Mr. Park agrees to answer Tae-sool’s question in exchange for the key and orders the others to show him the truth. With their guns pointed at them, the brokers lead their guests to another room where Bingbing searches the computer for something. Seo-hae recognizes it as a downloader, but this means nothing to Tae-sool.
Sun-jae shoves a vest at Tae-sool, and seeing him struggle, Seo-hae helps him with it. He grumbles at her for tightening it too hard, and uses this chance to ask Seo-hae about her place of origin. She tells him that where isn’t important, but Bingbing cuts their conversation short when she finds the next location. As they head out, Bingbing hands Tae-sool some pills to help with motion sickness.
On the way over, Mr. Park scolds Seo-hae for not reporting her arrival with them and then mutters under his breath when she answers back informally. He asks for her full name, but Seo-hae doesn’t have a surname. She tells him that she doesn’t have parents either and merely came here to sightsee.
Mr. Park asks if she wants to die and digs through her bag since they don’t allow free rides. Seo-hae tries to stop him but is powerless with Sun-jae’s gun pointing at her. Mr. Park finds her weapons, which makes him chuckle, and then discovers the diary. Ignoring her protests, he reads the first entry, and Seo-hae launches herself at him.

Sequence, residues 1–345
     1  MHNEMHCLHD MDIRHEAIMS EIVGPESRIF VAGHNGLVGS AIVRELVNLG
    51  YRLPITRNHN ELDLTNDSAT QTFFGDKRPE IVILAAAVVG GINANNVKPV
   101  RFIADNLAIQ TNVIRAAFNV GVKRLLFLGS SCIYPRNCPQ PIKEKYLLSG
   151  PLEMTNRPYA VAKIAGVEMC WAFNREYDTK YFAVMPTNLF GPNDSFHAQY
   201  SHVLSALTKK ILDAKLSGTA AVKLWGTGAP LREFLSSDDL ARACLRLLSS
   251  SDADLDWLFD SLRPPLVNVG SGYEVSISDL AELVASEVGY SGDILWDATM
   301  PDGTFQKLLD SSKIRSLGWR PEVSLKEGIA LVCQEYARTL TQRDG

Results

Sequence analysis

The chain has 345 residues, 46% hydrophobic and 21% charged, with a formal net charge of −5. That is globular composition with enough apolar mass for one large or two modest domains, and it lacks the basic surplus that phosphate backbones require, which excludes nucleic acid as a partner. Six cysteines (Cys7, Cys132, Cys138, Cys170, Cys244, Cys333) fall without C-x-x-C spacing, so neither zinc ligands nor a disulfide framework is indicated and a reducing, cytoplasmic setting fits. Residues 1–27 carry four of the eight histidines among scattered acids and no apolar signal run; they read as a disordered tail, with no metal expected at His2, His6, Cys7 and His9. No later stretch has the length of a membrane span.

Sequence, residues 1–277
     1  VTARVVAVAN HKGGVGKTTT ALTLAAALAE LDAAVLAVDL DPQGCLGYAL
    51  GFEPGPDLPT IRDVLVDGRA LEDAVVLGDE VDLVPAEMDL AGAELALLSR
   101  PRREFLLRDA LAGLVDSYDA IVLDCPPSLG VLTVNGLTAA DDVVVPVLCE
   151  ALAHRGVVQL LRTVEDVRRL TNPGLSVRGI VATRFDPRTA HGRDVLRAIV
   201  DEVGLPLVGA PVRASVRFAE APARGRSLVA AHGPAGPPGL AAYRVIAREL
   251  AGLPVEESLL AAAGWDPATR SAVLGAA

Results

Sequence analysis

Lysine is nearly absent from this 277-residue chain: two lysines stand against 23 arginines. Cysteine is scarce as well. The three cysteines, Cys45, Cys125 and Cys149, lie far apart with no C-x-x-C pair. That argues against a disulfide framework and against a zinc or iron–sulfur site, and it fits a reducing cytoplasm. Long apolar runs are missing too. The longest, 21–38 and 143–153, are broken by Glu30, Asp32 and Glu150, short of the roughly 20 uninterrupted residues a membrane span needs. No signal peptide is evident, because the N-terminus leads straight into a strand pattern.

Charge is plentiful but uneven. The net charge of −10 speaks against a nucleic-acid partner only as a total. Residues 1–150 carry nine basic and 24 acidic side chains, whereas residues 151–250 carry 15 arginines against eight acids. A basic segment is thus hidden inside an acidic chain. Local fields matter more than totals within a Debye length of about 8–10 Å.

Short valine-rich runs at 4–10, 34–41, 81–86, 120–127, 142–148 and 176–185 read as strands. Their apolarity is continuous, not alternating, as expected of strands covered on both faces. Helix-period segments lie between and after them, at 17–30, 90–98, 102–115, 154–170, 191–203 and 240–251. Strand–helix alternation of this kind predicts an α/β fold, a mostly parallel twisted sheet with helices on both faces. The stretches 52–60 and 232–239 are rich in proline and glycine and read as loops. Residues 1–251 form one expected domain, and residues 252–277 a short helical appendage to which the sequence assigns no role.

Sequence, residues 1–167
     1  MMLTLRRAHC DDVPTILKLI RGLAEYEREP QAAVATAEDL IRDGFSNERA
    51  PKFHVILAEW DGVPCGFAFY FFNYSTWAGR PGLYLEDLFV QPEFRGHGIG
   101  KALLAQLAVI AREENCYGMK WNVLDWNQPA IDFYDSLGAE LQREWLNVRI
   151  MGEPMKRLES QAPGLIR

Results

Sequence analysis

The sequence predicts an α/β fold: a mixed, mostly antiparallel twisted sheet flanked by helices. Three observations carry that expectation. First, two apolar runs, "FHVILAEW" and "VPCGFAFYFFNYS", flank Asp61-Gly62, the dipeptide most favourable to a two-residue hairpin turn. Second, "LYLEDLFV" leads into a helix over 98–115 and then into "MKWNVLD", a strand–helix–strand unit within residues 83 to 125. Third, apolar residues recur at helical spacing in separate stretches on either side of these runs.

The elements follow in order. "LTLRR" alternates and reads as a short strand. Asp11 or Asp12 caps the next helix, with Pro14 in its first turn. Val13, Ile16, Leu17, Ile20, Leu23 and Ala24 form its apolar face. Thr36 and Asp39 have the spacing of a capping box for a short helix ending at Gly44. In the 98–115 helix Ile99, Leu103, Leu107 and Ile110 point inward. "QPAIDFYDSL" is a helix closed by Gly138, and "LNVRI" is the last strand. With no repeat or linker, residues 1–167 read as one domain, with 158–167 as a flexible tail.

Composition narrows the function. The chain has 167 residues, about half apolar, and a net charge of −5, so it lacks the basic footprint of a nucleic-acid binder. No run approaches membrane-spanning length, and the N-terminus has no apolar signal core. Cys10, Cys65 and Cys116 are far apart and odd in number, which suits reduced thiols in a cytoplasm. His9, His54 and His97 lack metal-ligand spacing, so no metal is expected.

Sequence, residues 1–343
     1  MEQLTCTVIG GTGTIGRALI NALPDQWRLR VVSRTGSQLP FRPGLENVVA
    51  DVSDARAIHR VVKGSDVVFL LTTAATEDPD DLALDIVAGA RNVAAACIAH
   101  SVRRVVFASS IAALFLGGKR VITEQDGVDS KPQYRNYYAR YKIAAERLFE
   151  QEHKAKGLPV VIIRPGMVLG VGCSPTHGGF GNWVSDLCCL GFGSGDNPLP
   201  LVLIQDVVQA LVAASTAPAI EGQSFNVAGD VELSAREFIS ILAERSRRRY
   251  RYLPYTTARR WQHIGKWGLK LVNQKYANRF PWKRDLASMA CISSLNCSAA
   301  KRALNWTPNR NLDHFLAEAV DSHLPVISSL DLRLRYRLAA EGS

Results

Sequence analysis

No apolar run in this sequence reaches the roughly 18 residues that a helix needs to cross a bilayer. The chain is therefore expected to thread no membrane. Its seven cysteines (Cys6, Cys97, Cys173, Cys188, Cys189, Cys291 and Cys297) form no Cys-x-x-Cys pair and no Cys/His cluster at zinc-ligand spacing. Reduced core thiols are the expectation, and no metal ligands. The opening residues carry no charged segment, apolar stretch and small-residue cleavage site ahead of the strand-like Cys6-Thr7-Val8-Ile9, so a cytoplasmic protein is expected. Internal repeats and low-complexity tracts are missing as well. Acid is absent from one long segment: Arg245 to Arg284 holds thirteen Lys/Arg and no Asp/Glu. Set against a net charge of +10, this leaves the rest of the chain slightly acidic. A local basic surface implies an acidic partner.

Seo-hae manages to grab Mr. Park, but the other brokers aim their guns at her head. Tae-sool acts as the voice of reason, reminding everyone that this isn’t the US, and gets Seo-hae to let go first. Once everyone has calmed down, Tae-sool takes Seo-hae’s side and offers to buy the diary from Mr. Park.
The broker asks for a billion won (approximately $900,00), and Tae-sool laughs at the ridiculous price before agreeing to pay. He needs his phone, though, and Mr. Park tells him to call the police while he’s at it. Tae-sool explains how he turns off his GPS because of a stalker named Seung-bok, and Mr. Park takes the risk to turn on the phone.